APRIL 6 — Hands up if you know much about Getafe? I don’t see many hands... and I have to admit mine isn’t exactly shooting up into the air either.
Getafe, I’m afraid to say, are probably the most anonymous, ignorable, low-profile of all Spain’s Primera Division clubs.
I could happily spend a good few minutes talking to you about any of the other 19 teams in the Spanish top flight. Even lower lights such as Real Valladolid, whose mediocre season has been enlivened by the presence of outstanding German winger Patrick Ebert.
Even perennial relegation candidates Granada, who made some interesting signings in the January transfer window and had an entertaining (for the outsider) dispute with the city council about their stadium earlier in the season.
Even fellow Madrileños Rayo Vallecano, whose vociferous supporters, all-action brand of football and hot prospects such as Leo Baptistao have managed to attract more than a fair amount of attention despite being forced to live in the considerable shadow of Real and Atletico Madrid.
But Getafe? Well... they’re from a small city near Madrid. They wear blue. They don’t have many fans. They’re not that bad; not that good. After that, though, there’s not much to say.
A nice illustration of Getafe’s obscurity is the fact that their stadium — the inappropriately titled "Coliseum" — is named after Alfonso Perez, a local boy made good who represented Spain during the 1990s... but never actually played for Getafe. They are so hard up for celebrity connections that they had to name their stadium in honour of somebody who didn’t even play for them.
This is not, in short, a very well-known or well-followed football club.
That could change this weekend, though, because another victory for in-form Getafe over local neighbours Atletico in the Madrid derby (well, not the Madrid derby, but you know what I mean) would propel them firmly into the race for La Liga’s fourth Champions League qualification spot.
That’s right: next season’s Champions League could well feature Getafe, a club that has "boasted" the lowest attendance in the Spanish top flight in each of the last two seasons (a guesswork figure of just 5,000 people was estimated to have watched their 1-1 draw with Sevilla in January) and struggles to command much attention from media or fans in its own locale, never mind the rest of the continent.
As they prepare to welcome Atletico Madrid to the Coliseum on Sunday night (kick off 1am, Monday morning Malaysia time), Getafe are in eighth position, just five points behind Real Sociedad in the race for the all-important fourth place.
They are unbeaten in their last six games and haven’t conceded a single goal in their last four — if they can keep up that form for the next two months, their Champions League dream will turn into reality. And Getafe’s fate rests entirely in their own hands because their nine remaining games include home meetings with fellow top four contenders Sociedad and Valencia.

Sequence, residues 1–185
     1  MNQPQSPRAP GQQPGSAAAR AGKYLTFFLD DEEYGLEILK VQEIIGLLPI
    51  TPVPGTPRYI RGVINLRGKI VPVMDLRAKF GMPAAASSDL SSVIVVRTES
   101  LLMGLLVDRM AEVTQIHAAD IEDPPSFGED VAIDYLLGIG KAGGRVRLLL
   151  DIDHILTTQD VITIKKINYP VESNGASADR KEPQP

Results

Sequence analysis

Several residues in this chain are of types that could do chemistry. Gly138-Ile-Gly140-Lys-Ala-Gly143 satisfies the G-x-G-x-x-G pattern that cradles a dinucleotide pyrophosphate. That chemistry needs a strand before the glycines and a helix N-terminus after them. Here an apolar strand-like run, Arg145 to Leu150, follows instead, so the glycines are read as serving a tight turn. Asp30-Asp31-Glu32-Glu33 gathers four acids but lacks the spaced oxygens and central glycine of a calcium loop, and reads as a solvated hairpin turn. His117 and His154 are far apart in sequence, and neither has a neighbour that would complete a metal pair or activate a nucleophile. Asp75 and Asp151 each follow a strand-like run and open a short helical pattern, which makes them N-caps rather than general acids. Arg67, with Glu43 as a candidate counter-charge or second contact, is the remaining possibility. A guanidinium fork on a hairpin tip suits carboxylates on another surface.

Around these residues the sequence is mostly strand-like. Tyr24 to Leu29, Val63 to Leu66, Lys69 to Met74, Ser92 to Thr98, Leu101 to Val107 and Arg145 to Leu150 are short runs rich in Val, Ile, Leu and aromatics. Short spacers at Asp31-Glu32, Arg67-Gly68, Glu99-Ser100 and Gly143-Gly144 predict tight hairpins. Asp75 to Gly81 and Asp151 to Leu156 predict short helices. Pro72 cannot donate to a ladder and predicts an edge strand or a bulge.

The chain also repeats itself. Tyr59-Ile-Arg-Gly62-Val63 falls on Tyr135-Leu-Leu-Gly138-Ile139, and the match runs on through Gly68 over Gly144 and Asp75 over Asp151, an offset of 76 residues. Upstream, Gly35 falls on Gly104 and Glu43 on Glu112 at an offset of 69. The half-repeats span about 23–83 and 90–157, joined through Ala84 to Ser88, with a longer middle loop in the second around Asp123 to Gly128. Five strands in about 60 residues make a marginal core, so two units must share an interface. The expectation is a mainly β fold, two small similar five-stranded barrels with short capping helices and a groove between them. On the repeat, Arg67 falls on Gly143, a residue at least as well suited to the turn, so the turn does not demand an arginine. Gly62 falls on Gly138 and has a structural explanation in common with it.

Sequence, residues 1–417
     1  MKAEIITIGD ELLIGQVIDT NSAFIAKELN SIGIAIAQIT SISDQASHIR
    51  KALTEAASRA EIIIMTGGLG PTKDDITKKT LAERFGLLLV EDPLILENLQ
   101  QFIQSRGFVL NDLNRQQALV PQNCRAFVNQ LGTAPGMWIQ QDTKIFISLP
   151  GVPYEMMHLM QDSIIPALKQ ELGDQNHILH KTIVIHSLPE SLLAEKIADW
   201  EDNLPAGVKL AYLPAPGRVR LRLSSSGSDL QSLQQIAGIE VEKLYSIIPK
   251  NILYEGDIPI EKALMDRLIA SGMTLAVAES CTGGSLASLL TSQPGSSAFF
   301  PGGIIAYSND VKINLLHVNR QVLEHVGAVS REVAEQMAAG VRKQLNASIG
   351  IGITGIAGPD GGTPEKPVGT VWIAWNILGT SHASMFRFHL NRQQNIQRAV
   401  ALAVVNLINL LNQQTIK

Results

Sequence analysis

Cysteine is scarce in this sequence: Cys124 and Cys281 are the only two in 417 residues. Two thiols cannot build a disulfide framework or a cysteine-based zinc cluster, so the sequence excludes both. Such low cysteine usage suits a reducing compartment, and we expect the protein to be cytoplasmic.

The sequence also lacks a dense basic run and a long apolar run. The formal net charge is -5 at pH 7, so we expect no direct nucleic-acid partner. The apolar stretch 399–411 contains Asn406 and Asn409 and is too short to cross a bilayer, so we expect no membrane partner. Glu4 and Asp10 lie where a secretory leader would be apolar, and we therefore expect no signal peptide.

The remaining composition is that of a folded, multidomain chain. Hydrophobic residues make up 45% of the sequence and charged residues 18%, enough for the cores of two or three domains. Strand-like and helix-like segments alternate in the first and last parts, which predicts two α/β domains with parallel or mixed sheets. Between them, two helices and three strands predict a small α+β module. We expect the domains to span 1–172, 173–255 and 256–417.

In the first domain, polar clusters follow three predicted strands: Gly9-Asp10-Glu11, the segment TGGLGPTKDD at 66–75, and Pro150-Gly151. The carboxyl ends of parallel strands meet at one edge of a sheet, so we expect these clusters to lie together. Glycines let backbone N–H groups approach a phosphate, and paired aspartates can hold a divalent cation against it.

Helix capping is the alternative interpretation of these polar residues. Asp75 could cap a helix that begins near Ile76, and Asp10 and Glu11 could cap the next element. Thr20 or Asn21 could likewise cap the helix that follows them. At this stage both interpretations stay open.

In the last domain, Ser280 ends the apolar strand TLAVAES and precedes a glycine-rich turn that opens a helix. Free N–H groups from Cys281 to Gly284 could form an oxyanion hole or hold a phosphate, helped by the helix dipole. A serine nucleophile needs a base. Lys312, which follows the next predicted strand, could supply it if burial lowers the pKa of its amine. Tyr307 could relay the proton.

If they do succeed in prolonging their golden run and marching into Europe’s elite club competition, it would be a huge surprise because nobody — not even Getafe — really expected much more than mid-table comfort, a position they’ve become accustomed to since climbing into the top flight in 2004.
Their campaign got off to a good start with a 2-1 victory over Real Madrid in their first home game, launching the early-season derailment of Jose Mourinho’s team that resulted in the prompt dissolution of the reigning champions’ title challenge.
A batch of typically unobtrusive results followed: a few wins, a few draws and a few defeats. For the first half of the season they were the epitome of mid-table obscurity, never winning more than three in a row but never losing more than twice on the trot.
But then 2013 came along and brought with it a sudden upturn in form. Aside from expected losses away at Real Madrid and Barcelona, Getafe are now unbeaten in nine games, mainly thanks to a defence that has only conceded six goals during those nine contests.
Getafe’s defence will have to stay strong because they certainly aren’t an explosive team going forward. They are the lowest scorers out of the European contenders (Lionel Messi on his own has registered five more league goals than their team tally of 38) and their top scorer, experienced midfielder Diego Castro, has only got seven goals... four of which were penalties.
They have no star names and none of their players have been linked with moves to bigger clubs, with the exception of Moroccan international midfielder Abdel Barrada who has reportedly attracted the attention of a host of English Premier League teams, including Southampton and Manchester City.
Their task this weekend against Atletico will not be easy. Diego Simeone’s team are a tough, competitive unit and at the moment they’re particularly motivated by the opportunity of finishing above deadly local rivals Real Madrid in the battle for second place, with just one point currently separating the teams.
But Getafe have plenty of their own motivation. For a small club that has never won a major honour, securing a maiden adventure in the Champions League would be a remarkable achievement. Victory on Sunday night could allow Getafe to cast aside their cloak of anonymity — perhaps it’s time for the rest of us to watch and learn.
* This is the personal opinion of the columnist.